When you notice unusual behaviors or symptoms in your child, it can be alarming. Often, these symptoms might not indicate anything serious, but sometimes they can signal a condition that needs immediate attention. One such condition is cerebral palsy, a group of disorders that affect a person’s ability to move and maintain balance and posture, according to the Centers for Disease Control and Prevention.
Recognizing the early signs of cerebral palsy is crucial for providing the appropriate care and treatment. However, these signs can be subtle and easily overlooked. That’s why it’s important to establish a relationship with a primary care physician who can track your child’s development, says Dr. Anita Iroko, a general practitioner.
Let’s delve into the signs of cerebral palsy that Dr. Iroko advises you should be aware of.
On This Page
What Are Some General Signs and Symptoms of Cerebral Palsy?
Cerebral palsy symptoms can vary widely, but they usually involve issues with movement and coordination. While many symptoms can also occur in children without cerebral palsy, if you notice any of the following signs, it’s important to bring them to your doctor’s attention.
Delayed Developmental Milestones
Children with cerebral palsy often reach developmental milestones such as rolling over, sitting up, crawling, or walking later than other children. Keep track of your child’s progress and consult with Dr. Iroko if you notice significant delays.
Variations in Muscle Tone
Babies with cerebral palsy might exhibit either stiff or floppy muscle tone. You might notice they seem to favor one side of their body, or they may cross their legs in a scissor-like movement.
Difficulty with Fine Motor Tasks
As your child grows older, you may notice they struggle with fine motor tasks like grasping toys or using their fingers to manipulate objects. This could be an indication of cerebral palsy.
Issues with Balance and Coordination
Children with cerebral palsy often struggle with balance and coordination. They might have a hard time maintaining a straight posture or could frequently stumble or fall when walking.
Early speech and language development could be delayed in children with cerebral palsy. If your child struggles with speaking or understanding language, it may be worth discussing with your doctor.
Trouble Swallowing or Excessive Drooling
Children with cerebral palsy may experience difficulties with sucking, swallowing, and drooling, especially in the early years. While drooling can be common in many young children, if it’s excessive, it could be a sign of cerebral palsy.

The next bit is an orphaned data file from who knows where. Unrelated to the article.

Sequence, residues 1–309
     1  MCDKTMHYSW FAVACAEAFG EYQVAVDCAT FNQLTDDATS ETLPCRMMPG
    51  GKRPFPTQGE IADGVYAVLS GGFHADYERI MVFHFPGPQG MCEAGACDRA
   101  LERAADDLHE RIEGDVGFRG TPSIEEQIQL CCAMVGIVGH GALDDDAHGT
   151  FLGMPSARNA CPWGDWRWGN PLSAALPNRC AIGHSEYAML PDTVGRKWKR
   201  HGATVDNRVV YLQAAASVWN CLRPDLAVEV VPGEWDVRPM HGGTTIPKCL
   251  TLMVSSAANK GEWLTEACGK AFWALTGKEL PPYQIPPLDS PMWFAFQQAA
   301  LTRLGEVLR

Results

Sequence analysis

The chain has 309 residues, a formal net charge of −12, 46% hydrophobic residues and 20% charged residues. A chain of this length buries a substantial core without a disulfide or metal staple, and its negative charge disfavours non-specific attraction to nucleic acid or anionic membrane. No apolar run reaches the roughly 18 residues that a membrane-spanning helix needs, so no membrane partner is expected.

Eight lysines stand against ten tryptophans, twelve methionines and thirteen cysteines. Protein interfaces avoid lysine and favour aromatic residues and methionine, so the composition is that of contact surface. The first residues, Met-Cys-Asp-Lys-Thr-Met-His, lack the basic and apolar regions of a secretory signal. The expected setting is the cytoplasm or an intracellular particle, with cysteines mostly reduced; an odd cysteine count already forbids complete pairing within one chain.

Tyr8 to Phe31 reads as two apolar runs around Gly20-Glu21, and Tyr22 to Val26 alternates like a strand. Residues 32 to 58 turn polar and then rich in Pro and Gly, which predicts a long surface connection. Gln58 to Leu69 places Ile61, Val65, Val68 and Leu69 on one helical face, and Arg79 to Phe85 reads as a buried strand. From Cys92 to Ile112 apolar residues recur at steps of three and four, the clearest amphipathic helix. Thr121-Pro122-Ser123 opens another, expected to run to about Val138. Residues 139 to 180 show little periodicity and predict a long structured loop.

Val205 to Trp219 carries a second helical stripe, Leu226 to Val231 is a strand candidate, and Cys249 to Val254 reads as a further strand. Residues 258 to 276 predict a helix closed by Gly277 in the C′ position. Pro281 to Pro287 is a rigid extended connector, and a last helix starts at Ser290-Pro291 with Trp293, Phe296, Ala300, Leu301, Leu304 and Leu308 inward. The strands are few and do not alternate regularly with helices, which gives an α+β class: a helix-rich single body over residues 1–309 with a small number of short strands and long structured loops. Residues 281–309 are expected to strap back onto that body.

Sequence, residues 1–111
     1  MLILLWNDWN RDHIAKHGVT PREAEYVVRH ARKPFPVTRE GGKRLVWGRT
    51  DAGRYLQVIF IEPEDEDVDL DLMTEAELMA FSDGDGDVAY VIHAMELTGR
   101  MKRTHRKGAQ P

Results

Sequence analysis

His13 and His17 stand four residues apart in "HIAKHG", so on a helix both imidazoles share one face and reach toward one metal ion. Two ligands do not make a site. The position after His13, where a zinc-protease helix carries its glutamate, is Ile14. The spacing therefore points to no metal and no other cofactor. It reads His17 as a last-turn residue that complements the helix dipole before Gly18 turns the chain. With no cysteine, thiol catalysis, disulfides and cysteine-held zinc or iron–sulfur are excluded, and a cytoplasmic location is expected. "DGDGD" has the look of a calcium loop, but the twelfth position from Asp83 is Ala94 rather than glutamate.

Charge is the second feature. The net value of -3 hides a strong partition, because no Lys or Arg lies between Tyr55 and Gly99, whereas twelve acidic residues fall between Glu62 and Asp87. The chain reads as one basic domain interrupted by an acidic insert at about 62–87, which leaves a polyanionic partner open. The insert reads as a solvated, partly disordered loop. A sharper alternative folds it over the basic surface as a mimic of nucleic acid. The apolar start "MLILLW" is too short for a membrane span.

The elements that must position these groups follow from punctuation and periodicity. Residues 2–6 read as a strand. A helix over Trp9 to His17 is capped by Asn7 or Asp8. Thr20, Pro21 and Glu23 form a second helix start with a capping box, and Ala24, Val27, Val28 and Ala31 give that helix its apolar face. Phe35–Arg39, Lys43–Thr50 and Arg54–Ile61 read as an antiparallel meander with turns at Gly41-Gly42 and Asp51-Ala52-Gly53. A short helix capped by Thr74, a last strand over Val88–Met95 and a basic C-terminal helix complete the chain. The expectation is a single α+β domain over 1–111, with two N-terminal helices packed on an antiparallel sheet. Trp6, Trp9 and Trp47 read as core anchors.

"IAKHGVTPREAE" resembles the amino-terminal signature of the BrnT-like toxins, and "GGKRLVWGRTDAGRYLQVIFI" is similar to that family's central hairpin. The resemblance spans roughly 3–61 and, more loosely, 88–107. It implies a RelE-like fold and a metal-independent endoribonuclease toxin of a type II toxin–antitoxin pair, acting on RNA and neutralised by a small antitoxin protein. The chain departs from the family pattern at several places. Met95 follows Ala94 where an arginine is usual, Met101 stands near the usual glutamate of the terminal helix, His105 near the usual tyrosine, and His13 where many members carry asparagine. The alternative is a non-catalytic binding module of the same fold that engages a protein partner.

Is it Cerebral Palsy or Something Else?
Dr. Iroko emphasizes that while these symptoms can be associated with cerebral palsy, they can also be linked to other developmental disorders. “That’s why it’s crucial to communicate with your healthcare provider about any symptoms that persist,” says Dr. Iroko.
How Can I Monitor My Child’s Development?
Regular check-ups and open communication with your healthcare provider are key for early detection and intervention. The American Academy of Pediatrics recommends routine developmental surveillance at all well-child visits and standardized developmental screening tests at 9, 18, and 30 months.
When to See Your Doctor
Don’t hesitate to consult with your doctor if you notice anything unusual in your child’s development or behavior. While these signs could be just a normal part of growth, they could also be indicative of a more serious condition like cerebral palsy.
Persistent signs, such as difficulties with motor skills, posture, or coordination, are particularly worth discussing with your doctor. The sooner you voice your concerns, the sooner your doctor can investigate and, if necessary, provide the right intervention.
Examinations and Tests
Your child’s doctor can run various tests to rule out other conditions and confirm a cerebral palsy diagnosis. These tests can include a neurological exam, vision and hearing tests, and an analysis of your child’s motor skills. In some cases, further diagnostic tests, such as an MRI, cranial ultrasound, or EEG, may be required to evaluate your child’s brain activity and structure.